I have been in Singapore and Hong Kong, but I can’t remember I got the same feeling of oddness as in Taipei. For me it was a atmosphere of a futuristic scene build in the fifties. It was not a turn off, but more a kind of intriguing. A mix of spooky and fairy. Certainly in the more silent neighbourhoods.
And then sometimes, in the middle of a spooky alley with never a ray of sunlight, right beside the assembly point of trash bins, I saw an extremely colourful, glittery and warm shelter with a mini-temple. Or a tiny, but loudly sparkling little candy shop hidden in an almost black dirty street full of the exhausts of the airco’s.
Of course there also were the new modern blocks and a shiny business centre, that certainly had a more lighter and opener atmosphere. There you find the outdoor cafés, the chain shops and the markets, but a lot of the authentic life of the Taiwanese people occurs a bit more ‘behind the scene’ as we European people are used to. But at the other hand; I am sure that is only on the first sight. The sight of the ignorant foreigner who don’t know his way. The Taiwanese people themselves are adorable!
Taiwan is certainly a land I want to know better. This time I’ve only seen Taipei city, but there is so much more I want to experience. And I will.
Here is a kind of a ‘sound greeting card’. Maybe you can imagine the view was an inspiration for my painting called ‘The persistent one’.
1 April 2012 (Taiwan)
Joining the A.R.T. (Art Revolution Taipei) was a real milestone in my career! The decision to be at the fair in real person was even better. It was all one great learning course!
Before I received an invitation of ‘gallery X-power’ in Taipei to participate this adventure, I never have had much thoughts about Taiwan. Some people I told about my plans even confused Taiwan with Thailand 😉 And to be honest; I had to do some investigation on the internet too, about what kind of country this was.
When the date came closer I got more and more excited about what was going to happen. The organisation sounded so solid and professional. I had shipped my paintings in advance and booked 10 days Taiwan for two. Everything was taken care for.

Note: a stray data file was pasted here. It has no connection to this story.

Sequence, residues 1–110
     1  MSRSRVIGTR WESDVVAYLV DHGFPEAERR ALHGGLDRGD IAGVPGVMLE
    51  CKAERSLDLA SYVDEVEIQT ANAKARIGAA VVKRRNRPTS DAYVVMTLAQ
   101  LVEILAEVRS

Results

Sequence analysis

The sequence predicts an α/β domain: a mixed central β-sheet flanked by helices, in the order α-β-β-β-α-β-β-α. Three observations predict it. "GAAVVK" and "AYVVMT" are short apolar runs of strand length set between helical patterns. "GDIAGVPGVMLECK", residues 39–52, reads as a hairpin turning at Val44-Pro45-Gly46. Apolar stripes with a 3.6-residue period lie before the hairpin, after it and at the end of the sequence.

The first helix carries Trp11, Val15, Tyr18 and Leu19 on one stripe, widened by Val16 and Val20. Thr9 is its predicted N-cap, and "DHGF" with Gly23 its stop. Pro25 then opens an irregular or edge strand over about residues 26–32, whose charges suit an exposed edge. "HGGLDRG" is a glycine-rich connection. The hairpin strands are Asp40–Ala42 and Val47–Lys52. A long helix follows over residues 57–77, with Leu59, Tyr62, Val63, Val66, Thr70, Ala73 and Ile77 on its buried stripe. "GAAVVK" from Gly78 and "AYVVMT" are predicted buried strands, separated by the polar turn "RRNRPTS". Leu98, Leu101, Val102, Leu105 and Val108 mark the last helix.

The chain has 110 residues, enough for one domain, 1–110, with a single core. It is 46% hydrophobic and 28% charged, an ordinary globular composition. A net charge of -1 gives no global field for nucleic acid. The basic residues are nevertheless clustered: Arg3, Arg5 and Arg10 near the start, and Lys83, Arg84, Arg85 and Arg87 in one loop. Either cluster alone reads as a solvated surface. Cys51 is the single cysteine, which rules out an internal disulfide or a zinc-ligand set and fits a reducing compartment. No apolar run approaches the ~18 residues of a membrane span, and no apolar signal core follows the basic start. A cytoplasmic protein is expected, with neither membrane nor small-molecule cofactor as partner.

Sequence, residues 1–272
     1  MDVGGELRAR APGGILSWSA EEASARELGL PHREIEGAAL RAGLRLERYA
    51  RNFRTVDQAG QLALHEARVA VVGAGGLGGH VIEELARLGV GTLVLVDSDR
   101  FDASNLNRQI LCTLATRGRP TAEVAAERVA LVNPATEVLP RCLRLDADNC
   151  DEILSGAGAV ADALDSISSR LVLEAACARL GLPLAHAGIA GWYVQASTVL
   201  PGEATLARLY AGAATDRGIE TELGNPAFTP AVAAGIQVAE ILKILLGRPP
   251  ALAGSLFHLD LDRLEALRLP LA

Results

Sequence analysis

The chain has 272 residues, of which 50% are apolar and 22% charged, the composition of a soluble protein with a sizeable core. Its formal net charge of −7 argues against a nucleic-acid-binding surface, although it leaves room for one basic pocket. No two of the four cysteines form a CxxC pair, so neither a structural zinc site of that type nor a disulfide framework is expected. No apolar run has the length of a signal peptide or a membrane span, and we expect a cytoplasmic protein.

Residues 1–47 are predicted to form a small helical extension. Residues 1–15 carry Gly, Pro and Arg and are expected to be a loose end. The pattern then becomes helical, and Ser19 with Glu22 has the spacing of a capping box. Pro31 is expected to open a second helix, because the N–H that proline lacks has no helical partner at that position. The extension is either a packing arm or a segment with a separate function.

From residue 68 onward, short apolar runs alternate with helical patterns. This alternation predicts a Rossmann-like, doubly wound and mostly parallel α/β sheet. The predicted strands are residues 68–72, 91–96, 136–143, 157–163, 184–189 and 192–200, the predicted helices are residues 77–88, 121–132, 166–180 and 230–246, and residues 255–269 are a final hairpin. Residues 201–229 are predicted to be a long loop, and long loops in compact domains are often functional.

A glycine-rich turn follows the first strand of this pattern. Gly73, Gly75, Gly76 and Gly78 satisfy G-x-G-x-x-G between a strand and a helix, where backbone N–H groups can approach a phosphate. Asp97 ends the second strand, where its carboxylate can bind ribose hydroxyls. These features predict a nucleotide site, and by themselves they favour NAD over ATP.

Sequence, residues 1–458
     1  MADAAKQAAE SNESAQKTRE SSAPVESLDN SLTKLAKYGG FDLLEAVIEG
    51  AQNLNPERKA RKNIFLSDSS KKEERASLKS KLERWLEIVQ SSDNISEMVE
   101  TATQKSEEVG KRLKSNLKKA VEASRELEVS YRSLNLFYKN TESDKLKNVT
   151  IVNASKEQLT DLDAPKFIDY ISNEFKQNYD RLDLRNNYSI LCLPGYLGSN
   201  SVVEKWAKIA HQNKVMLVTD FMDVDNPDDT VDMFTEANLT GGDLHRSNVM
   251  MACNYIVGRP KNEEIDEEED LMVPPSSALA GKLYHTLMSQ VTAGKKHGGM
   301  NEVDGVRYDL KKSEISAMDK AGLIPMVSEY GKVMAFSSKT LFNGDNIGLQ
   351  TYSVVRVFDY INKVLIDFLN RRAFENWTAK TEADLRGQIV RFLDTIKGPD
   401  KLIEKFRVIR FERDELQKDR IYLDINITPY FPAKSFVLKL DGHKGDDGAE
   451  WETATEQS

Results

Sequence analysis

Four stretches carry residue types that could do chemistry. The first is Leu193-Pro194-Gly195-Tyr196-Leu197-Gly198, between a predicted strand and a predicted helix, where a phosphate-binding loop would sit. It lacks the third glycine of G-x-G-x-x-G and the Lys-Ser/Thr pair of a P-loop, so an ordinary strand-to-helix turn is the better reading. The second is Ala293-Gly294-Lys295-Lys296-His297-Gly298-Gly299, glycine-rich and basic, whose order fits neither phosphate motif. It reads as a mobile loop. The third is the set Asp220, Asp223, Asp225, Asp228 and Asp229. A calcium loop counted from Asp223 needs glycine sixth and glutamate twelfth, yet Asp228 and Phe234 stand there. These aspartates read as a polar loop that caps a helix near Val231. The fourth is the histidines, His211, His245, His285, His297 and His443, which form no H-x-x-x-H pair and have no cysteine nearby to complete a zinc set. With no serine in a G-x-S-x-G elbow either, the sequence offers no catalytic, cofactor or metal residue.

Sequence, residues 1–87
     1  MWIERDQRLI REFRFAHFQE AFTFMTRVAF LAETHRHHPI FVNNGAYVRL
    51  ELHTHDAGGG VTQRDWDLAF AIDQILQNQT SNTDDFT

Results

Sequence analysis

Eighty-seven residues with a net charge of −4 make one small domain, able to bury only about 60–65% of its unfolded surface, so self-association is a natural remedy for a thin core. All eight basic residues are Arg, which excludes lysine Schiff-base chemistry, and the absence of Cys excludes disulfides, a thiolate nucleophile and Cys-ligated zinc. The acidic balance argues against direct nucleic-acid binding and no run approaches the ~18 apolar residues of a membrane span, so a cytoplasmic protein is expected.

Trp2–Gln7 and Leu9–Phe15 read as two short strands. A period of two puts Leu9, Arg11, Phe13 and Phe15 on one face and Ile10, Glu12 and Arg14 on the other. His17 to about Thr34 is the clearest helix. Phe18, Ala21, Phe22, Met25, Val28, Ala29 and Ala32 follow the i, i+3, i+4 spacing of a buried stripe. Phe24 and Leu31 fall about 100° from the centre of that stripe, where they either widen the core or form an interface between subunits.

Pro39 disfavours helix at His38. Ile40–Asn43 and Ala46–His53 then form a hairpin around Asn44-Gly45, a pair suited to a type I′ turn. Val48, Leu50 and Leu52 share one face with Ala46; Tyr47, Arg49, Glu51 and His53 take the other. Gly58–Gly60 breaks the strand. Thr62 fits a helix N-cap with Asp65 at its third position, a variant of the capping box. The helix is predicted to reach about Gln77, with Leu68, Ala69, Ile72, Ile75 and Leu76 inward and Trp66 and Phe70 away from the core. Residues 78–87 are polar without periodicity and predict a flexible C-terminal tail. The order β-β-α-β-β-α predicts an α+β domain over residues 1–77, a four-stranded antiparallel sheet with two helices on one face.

It was a fantastic experience. The A.R.T. fair as well as Taipei itself. I’m definitely in love and one day I’ll be back!
Remember the sculpture in the back?
Fun to see my own work back in a catalogue.
Wow, they made a banner of my painting! Isn’t that cool?!
Improvising with a microphone under my nose is not my strongest point :-/
These lanterns in a string of 3 kilometre led us from the station to the temple.
A spectacular view from the garden of one of the beautifully decorated temples
One of the rooms in the temple
We rent a bike and had an absolutely wonderful day along the river in Taipei
The famous 101 building. For a short while it was the highest in the world.
For a vegetarian Taiwan is a candy shop!
28 Februari 2012 (Australia)
Together with my parents in law Frank and I have been in Australia for 2 weeks. After staying for a couple of days in Brisbane we very slowly travelled down to Sydney. Frank and I slept in the campervan and the parents slept in one of those cute cabins or little bungalows on the camping-sites along the way. I’m feeling so happy in this country.
Every time I visit a big city (especially in Australia) it seems I’m allowed to take a deep breath after swimming underwater for too long.
I wondered what kind of good deeds the citizens have done in their previous lives in order to be born in Australia. Then I wondered what bad I have done in my previous life that I am NOT born here*. But suddenly I understood! Of course I have done so much good in my present life, I do not have to wait until a next life. I’m allowed to jump the queue! In this life yet.
New Zealand won’t be our final resting place.
The strong feeling what came to me exactly when this photo was taken in Newcastle, will become clear within 5 years …
* But know I know … I certainly realize that being born in the Netherlands, is unbeatable privileged too.
I was just acting (acting is my comfort zone).
And you knew that.